Gracie’s Last Walk
Carolyn pulled the battered old black Samsonite suitcase her father had given her down the stairs at the Eastern Parkway subway entrance, the wheels bumping loudly as she went. The suitcase weighed as much as she did. The contents shifted suddenly, threatening to send her tumbling down the long concrete stairway. Safely at the bottom, she was immersed in a great din—the roar of trains, footsteps echoing on concrete, garbled voices on loudspeakers. She wrestled the suitcase past the crowd and through the special gate for people with strollers or large packages that wouldn’t fit through the turnstile, and then down the long ramp and onto the platform for the Number 2, headed farther downtown in Brooklyn and then under the East River to Manhattan. When a train pulled in a few moments later, the car was packed with commuters on their way home from work, but several passengers stepped back from the door to make room for Carolyn and her luggage.
As the doors started to close, Carolyn was startled when she turned to see two police officers with a formidable-looking German shepherd come into the car. Her palms began to sweat despite the cold, causing her hands to slip momentarily from the suitcase’s handle. It wasn’t unusual for the police to make a quick scan of a subway car before stepping back off, but this time they stayed on.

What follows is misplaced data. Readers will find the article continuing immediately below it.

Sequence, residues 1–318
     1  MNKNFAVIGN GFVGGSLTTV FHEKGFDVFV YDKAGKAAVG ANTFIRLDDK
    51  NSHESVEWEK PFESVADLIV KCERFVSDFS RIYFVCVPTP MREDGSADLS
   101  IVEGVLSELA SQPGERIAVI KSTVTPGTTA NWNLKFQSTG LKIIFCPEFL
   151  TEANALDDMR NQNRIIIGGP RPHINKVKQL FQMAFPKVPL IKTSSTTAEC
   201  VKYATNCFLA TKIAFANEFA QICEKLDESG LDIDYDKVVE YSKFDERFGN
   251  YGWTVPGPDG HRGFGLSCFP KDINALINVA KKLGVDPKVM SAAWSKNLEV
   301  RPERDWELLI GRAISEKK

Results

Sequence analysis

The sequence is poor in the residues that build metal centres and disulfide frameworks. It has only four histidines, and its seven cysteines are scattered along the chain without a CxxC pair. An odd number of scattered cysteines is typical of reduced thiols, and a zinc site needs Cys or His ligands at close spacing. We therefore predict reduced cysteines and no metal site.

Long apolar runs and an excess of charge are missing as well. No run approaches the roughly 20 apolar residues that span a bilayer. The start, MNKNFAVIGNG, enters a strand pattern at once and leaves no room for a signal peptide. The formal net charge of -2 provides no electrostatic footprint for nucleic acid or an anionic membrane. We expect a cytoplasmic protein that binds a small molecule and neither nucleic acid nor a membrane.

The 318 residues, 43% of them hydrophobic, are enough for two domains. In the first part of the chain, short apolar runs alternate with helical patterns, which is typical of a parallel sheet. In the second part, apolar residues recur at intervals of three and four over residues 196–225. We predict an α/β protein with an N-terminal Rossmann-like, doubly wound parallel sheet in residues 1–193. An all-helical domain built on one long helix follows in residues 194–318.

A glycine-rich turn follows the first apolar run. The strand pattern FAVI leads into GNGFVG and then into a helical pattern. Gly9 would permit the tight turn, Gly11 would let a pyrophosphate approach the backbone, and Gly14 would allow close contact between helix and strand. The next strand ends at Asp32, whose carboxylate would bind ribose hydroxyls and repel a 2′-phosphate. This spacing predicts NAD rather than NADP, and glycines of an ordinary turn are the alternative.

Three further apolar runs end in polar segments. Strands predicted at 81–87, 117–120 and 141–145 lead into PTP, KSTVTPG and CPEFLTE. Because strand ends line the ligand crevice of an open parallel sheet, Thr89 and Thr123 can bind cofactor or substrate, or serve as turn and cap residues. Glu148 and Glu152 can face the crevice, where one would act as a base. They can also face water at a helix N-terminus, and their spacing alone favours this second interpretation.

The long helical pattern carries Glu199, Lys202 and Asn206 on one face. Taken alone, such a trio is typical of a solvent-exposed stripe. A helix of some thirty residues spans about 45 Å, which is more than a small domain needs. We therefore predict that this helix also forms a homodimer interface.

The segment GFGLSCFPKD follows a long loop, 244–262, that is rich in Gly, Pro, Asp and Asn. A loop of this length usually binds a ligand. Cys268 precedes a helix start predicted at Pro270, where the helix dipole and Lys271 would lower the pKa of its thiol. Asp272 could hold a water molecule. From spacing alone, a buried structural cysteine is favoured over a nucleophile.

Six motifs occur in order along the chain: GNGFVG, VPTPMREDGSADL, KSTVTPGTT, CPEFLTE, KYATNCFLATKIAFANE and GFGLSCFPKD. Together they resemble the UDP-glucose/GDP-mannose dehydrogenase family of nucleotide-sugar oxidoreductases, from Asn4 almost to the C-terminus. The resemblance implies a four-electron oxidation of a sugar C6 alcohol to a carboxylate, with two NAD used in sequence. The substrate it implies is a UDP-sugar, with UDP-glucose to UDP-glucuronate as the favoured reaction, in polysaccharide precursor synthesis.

The train rumbled out of the station. The officers began looking around, talking to each other. The train made one stop, then headed out again.
The officers walked to the far end of the car, then turned and headed back toward Carolyn. The shepherd was staring at her suitcase, one of the officers holding the dog as it strained against its leash, its nose down, its tail straight out. The dog began to whine.
“Oh, my God,” Carolyn said to no one in particular.
“Miss,” said one of the officers, a beefy young man in a standard-issue dark blue NYPD jacket, one thick hand on the dog’s collar. The train pulled into the next station and the doors opened. “Would you please step out of the car?”
Carolyn had known Gracie was dead as soon as she had opened the gray metal apartment door. If Gracie were still alive, she would have been at the door, tail going like a rotor blade, barking and squirming with joy. Every now and then, she would greet Carolyn with the leash in her mouth, her eyes closed in that familiar golden retriever grin that said, Let’s walk! Carolyn would drop her shoulder bag and briefcase, and head back out the door with her.
The afternoon light had been streaming through the soot-stained window, the subway grumbling far below the cramped two-room apartment. Carolyn could see her beloved dog—the graying snout, the honey blond body—curled up, as if sleeping, on her blue Orvis bed, a Christmas gift from her devoted owner two years earlier.
Though she had been expecting it, Carolyn was still paralyzed by the wrenching tableau. She had never loved anything, or anyone, the way she had loved that dog. Nor had anything ever loved her that much.